Osl dating range - Mungo Archaeology | Understand Mungo | Visit Mungo.


All sediments and soils contain trace amounts of radioactive isotopes of elements such as potassium , uranium , thorium , and rubidium . These slowly decay over time and the ionizing radiation they produce is absorbed by mineral grains in the sediments such as quartz and potassium feldspar . The radiation causes charge to remain within the grains in structurally unstable "electron traps". The trapped charge accumulates over time at a rate determined by the amount of background radiation at the location where the sample was buried. Stimulating these mineral grains using either light (blue or green for OSL; infrared for IRSL) or heat (for TL) causes a luminescence signal to be emitted as the stored unstable electron energy is released, the intensity of which varies depending on the amount of radiation absorbed during burial and specific properties of the mineral.

In Australia there has been very little evidence found of large scale hunting of megafauna. At Cuddie Springs , a shallow ephemeral lake near Carinda, in semiarid New South Wales, the remains of megafauna animals have been found in association with Aboriginal artefacts and evidence of Aboriginal occupation, hearths and stone tools that still have traces of blood and hair on them. Comparison of DNA from the bones of megafauna animals and the traces on the stone artefacts shows that they were used to butcher Macropus titan (a giant kangaroo) and Diprotodon . So at least at this place the Aboriginal People were eating megafauna animals. It is usually accepted that the giant kangaroo, Macropus titan , went extinct. There are those who believe that rather than becoming extinct, they simply down-sized, evolving into the Eastern Grey Kangaroo, Macropus giganteus , also known as the Great Grey Kangaroo, the largest of which get about 2/3 of the size of Macropus titan .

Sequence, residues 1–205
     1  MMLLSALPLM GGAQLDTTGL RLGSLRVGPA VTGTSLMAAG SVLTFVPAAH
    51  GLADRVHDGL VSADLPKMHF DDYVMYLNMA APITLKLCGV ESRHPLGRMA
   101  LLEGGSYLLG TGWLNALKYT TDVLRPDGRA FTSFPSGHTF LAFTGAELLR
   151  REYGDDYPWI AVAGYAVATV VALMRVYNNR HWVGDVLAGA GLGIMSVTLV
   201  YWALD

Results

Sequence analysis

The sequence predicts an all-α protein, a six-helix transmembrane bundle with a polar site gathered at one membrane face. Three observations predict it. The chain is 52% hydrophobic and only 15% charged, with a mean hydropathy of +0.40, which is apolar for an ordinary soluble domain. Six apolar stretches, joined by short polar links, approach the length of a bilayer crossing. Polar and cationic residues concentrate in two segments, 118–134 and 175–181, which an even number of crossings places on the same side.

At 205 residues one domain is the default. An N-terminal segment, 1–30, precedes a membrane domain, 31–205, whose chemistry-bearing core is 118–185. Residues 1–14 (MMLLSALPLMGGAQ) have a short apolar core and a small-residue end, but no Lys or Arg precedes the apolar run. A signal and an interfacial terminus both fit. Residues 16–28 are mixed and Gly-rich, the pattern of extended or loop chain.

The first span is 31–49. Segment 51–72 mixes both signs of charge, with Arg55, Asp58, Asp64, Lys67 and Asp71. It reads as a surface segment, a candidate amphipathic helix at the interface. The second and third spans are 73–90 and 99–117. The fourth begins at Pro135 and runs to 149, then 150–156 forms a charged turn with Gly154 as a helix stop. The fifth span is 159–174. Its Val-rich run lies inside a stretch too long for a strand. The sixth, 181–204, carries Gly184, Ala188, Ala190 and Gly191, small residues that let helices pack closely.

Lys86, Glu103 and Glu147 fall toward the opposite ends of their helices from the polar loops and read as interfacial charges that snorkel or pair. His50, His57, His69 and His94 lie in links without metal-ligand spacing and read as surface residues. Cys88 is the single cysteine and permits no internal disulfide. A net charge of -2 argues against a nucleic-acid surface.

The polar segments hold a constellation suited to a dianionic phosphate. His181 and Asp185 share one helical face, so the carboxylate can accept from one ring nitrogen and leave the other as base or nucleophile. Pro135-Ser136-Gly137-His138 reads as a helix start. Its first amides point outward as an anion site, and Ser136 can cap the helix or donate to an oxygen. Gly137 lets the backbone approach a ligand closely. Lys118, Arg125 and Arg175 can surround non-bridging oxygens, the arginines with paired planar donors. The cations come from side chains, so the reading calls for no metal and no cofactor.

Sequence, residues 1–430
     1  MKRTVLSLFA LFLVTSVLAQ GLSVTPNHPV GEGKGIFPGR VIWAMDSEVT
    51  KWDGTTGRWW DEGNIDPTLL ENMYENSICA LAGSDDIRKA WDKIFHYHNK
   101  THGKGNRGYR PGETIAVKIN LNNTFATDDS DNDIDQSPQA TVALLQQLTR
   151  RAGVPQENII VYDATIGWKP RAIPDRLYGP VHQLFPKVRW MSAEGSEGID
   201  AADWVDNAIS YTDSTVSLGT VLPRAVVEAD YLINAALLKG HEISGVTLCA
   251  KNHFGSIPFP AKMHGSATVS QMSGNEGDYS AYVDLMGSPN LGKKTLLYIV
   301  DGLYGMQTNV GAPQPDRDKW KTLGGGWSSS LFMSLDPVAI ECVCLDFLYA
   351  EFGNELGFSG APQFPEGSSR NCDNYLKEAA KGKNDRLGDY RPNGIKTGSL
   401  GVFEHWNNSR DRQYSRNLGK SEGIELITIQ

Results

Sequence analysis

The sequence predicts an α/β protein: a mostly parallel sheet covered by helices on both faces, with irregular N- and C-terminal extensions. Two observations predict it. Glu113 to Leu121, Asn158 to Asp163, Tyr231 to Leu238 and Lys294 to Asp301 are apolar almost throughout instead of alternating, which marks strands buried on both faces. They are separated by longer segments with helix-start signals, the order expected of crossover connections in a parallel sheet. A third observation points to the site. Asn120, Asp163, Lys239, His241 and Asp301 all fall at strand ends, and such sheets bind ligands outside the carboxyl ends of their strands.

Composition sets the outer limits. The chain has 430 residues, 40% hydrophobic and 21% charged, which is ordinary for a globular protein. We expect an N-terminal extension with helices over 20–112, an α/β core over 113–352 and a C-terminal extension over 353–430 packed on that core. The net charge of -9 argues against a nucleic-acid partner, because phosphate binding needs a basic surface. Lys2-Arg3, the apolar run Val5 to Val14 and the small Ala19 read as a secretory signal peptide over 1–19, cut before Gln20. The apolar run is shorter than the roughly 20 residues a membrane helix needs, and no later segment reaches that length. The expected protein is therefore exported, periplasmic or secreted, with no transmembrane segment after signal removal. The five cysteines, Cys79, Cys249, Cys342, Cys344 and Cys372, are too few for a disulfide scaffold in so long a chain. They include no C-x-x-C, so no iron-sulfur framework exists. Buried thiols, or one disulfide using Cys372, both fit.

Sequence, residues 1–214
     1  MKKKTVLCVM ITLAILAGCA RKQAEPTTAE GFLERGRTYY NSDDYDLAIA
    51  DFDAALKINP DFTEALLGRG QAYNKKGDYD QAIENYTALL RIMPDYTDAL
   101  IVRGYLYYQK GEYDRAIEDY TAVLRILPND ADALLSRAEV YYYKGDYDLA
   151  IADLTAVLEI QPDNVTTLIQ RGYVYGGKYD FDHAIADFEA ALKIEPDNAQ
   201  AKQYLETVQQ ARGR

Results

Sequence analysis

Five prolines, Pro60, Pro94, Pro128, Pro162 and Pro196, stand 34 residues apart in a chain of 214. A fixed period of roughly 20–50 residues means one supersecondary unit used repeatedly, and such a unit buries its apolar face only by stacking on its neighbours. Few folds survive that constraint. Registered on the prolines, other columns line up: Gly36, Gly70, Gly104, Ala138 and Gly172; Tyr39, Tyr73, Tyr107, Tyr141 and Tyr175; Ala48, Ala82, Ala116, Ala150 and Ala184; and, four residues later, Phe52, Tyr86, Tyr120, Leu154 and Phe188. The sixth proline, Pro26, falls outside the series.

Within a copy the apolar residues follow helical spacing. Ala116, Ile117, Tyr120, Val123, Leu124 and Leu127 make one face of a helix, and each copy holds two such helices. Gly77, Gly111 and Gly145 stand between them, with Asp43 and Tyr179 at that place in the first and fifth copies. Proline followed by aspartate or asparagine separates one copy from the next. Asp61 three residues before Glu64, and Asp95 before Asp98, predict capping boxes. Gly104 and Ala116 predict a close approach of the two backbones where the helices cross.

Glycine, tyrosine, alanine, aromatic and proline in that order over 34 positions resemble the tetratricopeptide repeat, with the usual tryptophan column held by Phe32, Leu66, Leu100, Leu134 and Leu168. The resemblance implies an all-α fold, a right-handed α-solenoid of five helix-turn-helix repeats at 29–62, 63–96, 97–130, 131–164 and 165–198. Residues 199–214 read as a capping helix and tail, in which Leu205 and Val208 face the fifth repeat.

Osl dating range

Osl dating range